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Victaulic V3401 upright sprinkler

What is an upright sprinkler head?

Upright fire sprinklers spray water upward to a concave deflector, producing a dome-shaped spray pattern. They install deflector-up to cover specific areas and to prevent ice and debris from collecting in the head. Upright sprinklers are installed where obstructions interfere with coverage in many system types and in dry-pipe systems facing freezing temperatures.

Viking VK200 upright sprinkler
Viking VK200 upright sprinkler

Upright fire sprinklers are often used in warehouses or industrial spaces, along with renovated open-ceiling structures such as modern office buildings and chic restaurants. For industrial, commercial, and storage spaces, most suitable upright sprinklers feature a 3/4″ (19.05 mm) thread connection with an 8.0 K-factor, such as those found in Viking’s VK2001 and Victaulic’s V3402. Many upright sprinklers are also available with the smaller 5.6K orifice, including some in Tyco’s TY-FRB series, Victaulic’s V27 series, and Viking’s VK300 models.

But while upright fire sprinklers are a mainstay of nearly all fire sprinkler manufacturers, not all upright fire sprinklers are identical.


Upright sprinklers installed on branch lines must be installed with the frame arms parallel to the branch piping unless the manufacturer prescribes a different orientation; this minimizes obstruction of the spray pattern. Fire sprinklers in Victaulic’s V27 and V34 series — including the 5.6K V2703 and V2704 and the 8.0K V3401 and V3402 — are cast with a hex-shaped protrusion, called a wrench boss, designed to provide a contact surface for wrenches to securely grip, rotate, and install sprinklers in the correct orientation.

Victaulic V2704 upright sprinkler
Victaulic V2704 upright sprinkler


Corrosion-resistant coatings

In 2012, Viking introduced a corrosion-resistant electroless nickel PTFE (ENT) coating to several products in their commercial sprinkler line. In doing so, Viking joins Victaulic and others in providing a finish capable of surviving UL 199’s rigorous 30-day corrosion-exposure test with little to no evidence of rust. Alternatively, many of Viking’s standard response upright sprinklers, including the 5.6K Micromatic VK100 and the 8.0K Micromatic VK200, are also available with UL-listed and FM-approved corrosion-resistant coatings and finishes.


While upright fire sprinklers can’t be recessed or hidden behind a cover plate, system design can make upright models less of an eyesore. Tyco’s Series TY-FRB sprinklers are available with a 5.6 K-factor, minimal frame, and narrow bulb and are designed for banks, hotels, and other commercial occupancies where appearances matter.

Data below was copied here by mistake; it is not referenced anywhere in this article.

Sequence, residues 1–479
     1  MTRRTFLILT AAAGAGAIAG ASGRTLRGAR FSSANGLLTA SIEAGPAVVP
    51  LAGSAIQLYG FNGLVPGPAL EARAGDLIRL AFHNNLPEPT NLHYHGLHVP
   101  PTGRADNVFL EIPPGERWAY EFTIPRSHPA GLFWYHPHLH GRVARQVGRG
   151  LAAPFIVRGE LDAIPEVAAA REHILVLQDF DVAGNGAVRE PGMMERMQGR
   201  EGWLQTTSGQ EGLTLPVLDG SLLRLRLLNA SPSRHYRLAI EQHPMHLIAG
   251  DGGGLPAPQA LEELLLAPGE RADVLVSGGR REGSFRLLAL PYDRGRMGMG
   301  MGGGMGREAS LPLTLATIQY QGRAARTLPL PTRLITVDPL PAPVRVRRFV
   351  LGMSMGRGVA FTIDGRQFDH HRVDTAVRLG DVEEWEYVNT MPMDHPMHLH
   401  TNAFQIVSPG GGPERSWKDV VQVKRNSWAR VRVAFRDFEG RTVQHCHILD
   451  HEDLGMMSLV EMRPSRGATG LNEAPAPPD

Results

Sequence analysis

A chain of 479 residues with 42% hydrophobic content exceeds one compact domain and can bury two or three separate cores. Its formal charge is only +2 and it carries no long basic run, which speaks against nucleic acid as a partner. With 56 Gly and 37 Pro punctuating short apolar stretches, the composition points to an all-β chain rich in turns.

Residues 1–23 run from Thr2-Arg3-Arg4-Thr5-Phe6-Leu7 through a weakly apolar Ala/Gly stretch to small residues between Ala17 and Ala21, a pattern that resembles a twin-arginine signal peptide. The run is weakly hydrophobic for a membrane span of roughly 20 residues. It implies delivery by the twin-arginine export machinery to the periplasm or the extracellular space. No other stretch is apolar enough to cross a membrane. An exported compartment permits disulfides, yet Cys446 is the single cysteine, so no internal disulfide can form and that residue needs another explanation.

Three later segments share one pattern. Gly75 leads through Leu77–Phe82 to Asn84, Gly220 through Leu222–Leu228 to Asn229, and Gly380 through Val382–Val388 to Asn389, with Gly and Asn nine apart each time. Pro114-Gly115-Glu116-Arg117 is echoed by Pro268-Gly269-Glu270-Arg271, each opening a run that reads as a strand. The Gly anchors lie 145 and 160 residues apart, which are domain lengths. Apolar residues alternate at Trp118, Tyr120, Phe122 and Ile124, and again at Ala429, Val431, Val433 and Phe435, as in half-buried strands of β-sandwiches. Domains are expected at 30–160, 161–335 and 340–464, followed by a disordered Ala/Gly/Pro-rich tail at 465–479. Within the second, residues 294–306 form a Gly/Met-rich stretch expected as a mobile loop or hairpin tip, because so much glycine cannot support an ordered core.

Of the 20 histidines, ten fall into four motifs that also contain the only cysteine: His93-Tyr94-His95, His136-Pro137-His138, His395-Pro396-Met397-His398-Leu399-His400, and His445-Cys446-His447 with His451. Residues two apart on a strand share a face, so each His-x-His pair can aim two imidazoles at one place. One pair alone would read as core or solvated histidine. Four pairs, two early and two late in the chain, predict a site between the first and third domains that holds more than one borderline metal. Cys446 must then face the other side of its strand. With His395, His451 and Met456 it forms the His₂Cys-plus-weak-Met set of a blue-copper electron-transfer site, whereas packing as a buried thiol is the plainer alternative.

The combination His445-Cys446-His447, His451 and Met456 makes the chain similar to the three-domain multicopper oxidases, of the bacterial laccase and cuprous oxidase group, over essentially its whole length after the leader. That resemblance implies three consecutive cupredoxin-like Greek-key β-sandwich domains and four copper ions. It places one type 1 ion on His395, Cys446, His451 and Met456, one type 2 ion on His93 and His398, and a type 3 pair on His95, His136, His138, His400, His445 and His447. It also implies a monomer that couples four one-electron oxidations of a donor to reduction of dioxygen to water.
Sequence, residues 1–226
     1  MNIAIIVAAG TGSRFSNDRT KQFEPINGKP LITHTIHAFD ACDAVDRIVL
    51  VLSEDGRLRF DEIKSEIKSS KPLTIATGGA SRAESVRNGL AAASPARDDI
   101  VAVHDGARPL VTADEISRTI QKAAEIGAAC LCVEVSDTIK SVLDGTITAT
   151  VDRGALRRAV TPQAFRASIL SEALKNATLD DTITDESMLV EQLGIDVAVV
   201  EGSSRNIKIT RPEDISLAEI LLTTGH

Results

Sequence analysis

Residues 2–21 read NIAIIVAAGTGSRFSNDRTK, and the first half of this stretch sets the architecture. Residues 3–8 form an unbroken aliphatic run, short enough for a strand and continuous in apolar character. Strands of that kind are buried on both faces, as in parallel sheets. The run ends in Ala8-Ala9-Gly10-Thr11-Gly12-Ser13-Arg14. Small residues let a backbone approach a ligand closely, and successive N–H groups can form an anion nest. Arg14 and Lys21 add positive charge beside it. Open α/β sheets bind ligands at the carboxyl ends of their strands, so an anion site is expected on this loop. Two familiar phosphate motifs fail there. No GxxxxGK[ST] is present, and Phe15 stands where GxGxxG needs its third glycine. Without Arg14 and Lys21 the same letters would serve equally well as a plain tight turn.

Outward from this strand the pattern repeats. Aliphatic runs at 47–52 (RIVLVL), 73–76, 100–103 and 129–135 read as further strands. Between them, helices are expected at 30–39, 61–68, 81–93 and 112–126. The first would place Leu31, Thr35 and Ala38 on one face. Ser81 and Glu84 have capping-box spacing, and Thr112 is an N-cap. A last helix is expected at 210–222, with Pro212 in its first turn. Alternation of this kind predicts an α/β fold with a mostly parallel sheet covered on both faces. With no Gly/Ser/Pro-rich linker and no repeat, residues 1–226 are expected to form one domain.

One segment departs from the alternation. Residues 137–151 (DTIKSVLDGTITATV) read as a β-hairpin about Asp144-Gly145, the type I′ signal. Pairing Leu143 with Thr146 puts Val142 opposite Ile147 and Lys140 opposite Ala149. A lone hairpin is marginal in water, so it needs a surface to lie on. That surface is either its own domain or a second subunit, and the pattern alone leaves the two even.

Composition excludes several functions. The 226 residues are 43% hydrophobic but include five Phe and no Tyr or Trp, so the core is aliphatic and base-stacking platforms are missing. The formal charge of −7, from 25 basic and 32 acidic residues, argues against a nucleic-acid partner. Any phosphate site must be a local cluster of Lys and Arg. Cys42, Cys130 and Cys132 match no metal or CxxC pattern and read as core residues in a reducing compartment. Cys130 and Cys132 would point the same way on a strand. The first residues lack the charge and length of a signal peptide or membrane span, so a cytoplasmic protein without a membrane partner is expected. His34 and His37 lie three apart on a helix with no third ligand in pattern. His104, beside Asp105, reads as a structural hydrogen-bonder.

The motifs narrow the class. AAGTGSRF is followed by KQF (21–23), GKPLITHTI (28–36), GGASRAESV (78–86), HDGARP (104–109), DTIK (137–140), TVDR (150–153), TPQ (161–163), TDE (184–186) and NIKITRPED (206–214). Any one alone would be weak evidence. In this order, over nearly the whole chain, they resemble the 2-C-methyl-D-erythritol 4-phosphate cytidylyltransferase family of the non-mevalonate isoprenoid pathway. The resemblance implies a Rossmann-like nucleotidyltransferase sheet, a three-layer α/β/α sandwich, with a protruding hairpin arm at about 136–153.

Early Suppression, Fast Response (ESFR) sprinklers

Tyco TY-7126 ESFR sprinkler
Tyco TY-7126 ESFR sprinkler

First developed in the 1980s, early suppression, fast response (ESFR) sprinklers have revolutionized the control and suppression of fires in storage settings with large k-factors and high-momentum sprays designed for deep penetration of burning fuel and fire plumes. Tyco has innovated in the market, introducing some of the earliest ESFR sprinklers, developing sprinklers for select cold-storage facilities in 2012, and transitioning from earlier ESFR models to their low-profile 16.8K Model ESFR-17 fire sprinkler line in 2015.

Putting it all together

The right upright sprinkler can keep even the most extreme fire conditions in check, endure corrosive vapors, install easily, and interfere only minimally with architectural and design needs. If you’ve found what you’re looking for, click here to view our selection of upright fire sprinklers.

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Tyco TY3331 sidewall sprinkler

What is a sidewall sprinkler head?

Sidewall fire sprinklers install along walls or beneath beams where ceiling piping is unavailable, or where aesthetic concerns or obstructions weigh against the use of other sprinkler types. Most are designed to protect small rooms, closets, or hallways and have a semicircular deflector that produces a crescent-shaped spray pattern.

Victaulic V27 sidewall sprinkler
Victaulic V27 sidewall sprinkler

Horizontal sidewall sprinklers should only be installed below smooth, flat, horizontal ceilings in accordance with their listings, approvals, and NFPA guidelines. They are used in hotels, restaurants, churches, and a range of commercial structures, and most sidewall fire sprinklers utilize a 1/2″ (12.7 mm) thread connection and feature a 5.6 K-factor.

Standard finishes for most manufacturers’ horizontal sidewall sprinklers — including those within Tyco TY-FRB series fire sprinklers, Viking’s Microfast and Micromatic series, and Victaulic’s V27 series — include white, black, brass, and chrome. Each manufacturer offers a slightly different variation on the sidewall sprinkler. These differences, including the factors listed below, can streamline installation and extend product life.


Viking VK305 sidewall sprinkler
Viking VK305 sidewall sprinkler

In 2018, Viking introduced 8.0 K-factor dry horizontal sidewall sprinklers with redesigned deflectors listed for installation with the deflector placed anywhere from four to 12 inches beneath the ceiling. Viking’s recent line of listed sprinklers provides contractors with the same ease of installation offered by the company’s other sidewall models, including the 5.6 K-factor VK305 and the VK104.